Campinas, Medellin, and Mexico City became the first three cities in the Americas and the Caribbean region to be recognized as "Resilience Hubs" of the Making Cities Resilient 2030 (MCR2030) initiative. The announcement was made on December 21, 2021, closing the first year of the MCR2030 initiative's activities. These cities became Resilience Hubs for their commitment as well as progressive policy and advocacy work to address disaster and climate risks. They will serve as Resilience Hubs for the next three years continue developing their disaster resilience while inspiring other cities to do the same.
While COVID-19 keeps challenging all five countries of Central Asia at an unprecedented scale, through existing programs, the European Union supports both resilient and sustainable political and economic frameworks that can prepare governments for future emergencies.
On 30 November 2021, the city of Nur-Sultan in cooperation with the United Nations Office for Disaster Risk Reduction (UNDRR), the European Union (EU) and the World Health Organization (WHO) in Kazakhstan, conducted an assessment of the resilience of the public health sector of the city to disasters. This assessment is one in the series of assessments of overall resilience to disasters, aiming at developing recommendations for the local strategy on disaster risk reduction.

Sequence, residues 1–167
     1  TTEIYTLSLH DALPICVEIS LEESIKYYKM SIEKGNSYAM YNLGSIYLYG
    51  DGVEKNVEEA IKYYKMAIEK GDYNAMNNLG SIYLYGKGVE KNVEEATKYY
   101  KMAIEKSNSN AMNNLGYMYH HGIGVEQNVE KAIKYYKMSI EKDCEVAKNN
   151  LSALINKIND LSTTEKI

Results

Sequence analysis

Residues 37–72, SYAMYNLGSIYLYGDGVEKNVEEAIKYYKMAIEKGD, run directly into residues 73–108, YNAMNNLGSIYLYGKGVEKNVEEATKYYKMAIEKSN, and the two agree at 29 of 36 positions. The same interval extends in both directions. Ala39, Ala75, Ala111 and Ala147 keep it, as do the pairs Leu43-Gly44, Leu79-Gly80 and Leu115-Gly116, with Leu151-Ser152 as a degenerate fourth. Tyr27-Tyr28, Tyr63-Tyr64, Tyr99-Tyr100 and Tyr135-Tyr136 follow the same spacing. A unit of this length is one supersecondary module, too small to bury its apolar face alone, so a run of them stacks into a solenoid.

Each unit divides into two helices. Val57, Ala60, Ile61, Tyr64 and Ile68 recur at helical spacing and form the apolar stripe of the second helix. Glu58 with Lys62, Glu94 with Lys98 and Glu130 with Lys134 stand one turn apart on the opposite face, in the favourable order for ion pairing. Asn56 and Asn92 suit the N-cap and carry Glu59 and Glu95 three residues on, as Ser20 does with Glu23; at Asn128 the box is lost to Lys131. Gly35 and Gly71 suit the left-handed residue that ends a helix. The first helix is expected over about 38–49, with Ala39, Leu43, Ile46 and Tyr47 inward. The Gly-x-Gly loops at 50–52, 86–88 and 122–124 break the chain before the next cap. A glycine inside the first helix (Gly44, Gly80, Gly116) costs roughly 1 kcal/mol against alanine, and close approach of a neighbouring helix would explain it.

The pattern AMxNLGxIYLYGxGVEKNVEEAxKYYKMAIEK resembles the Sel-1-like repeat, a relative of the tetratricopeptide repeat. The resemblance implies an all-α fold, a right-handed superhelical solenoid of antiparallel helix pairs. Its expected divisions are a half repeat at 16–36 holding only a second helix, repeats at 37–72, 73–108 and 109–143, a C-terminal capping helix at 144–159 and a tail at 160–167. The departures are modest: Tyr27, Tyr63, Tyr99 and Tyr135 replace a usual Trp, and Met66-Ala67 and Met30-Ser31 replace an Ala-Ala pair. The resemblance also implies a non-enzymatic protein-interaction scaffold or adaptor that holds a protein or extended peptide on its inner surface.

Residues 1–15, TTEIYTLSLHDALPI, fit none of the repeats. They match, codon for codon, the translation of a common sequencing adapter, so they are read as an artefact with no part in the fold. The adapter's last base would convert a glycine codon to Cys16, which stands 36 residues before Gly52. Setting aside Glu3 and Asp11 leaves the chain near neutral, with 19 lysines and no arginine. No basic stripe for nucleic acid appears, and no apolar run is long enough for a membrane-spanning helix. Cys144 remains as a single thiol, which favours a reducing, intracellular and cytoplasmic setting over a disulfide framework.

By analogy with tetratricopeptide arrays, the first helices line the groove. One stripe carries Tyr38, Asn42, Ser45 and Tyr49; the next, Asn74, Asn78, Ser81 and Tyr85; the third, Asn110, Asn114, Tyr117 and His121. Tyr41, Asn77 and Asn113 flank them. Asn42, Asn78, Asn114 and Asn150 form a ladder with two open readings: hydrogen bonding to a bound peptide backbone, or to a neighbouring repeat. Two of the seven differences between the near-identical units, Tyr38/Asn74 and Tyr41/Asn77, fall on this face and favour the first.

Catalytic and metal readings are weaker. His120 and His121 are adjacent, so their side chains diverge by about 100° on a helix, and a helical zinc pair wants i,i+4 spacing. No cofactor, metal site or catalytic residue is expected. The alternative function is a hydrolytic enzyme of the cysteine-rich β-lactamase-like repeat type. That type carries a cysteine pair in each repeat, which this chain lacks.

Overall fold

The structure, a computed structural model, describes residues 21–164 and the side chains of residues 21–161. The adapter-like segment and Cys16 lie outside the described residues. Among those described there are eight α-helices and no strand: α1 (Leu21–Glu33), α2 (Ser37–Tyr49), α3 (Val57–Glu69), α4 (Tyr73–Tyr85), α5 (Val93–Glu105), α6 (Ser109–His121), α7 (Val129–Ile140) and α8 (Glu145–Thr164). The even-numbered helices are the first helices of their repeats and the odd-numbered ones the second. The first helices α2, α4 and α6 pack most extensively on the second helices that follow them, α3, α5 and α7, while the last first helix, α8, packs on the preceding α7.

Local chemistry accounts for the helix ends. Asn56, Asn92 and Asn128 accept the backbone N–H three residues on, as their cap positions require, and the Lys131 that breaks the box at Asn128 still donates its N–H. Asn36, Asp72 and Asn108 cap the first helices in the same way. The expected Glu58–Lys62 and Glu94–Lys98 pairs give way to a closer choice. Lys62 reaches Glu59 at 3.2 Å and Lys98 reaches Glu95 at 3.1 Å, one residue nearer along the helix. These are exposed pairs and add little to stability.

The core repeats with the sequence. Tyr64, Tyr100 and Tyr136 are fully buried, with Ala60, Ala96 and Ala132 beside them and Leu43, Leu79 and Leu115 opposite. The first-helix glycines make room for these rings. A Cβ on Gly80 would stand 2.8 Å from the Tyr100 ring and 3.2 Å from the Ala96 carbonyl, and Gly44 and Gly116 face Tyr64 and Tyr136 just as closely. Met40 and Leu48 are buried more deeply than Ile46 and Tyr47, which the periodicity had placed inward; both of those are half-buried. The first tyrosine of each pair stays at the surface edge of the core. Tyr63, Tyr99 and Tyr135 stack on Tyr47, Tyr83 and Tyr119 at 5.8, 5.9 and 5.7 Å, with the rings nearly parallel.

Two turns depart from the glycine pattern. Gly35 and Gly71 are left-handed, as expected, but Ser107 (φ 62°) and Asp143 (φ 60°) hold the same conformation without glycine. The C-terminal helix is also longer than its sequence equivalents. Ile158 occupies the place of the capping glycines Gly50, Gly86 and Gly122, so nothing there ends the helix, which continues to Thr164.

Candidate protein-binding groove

Israel is joining the MCR2030 initiative following increased collaboration with UNDRR on preparedness, reducing risk, and building resilience. As a supporting entity, Israel has demonstrated a commitment to strengthen efforts on local resilience to help cities in the country be better prepared and join a vast network of cities worldwide, where the Israeli experience and knowledge can be shared.
For the urban coastal city of Hong Kong, typhoons are a regular occurrence from May to October. Consequently, Hong Kong’s infrastructure is designed to cope with the strong winds, floods, and storm surges they bring. Recently, however, the territory experienced two powerful storms in consecutive years. In 2017, Super Typhoon Hato struck the region, and in the following year, the city witnessed Super Typhoon Mangkhut, the strongest typhoon since 1983. But Hong Kong suffered lower economic losses from both storms when compared with the neighboring Guangdong region and the city of Macau, thanks partly to its well-coordinated response and resilient infrastructure.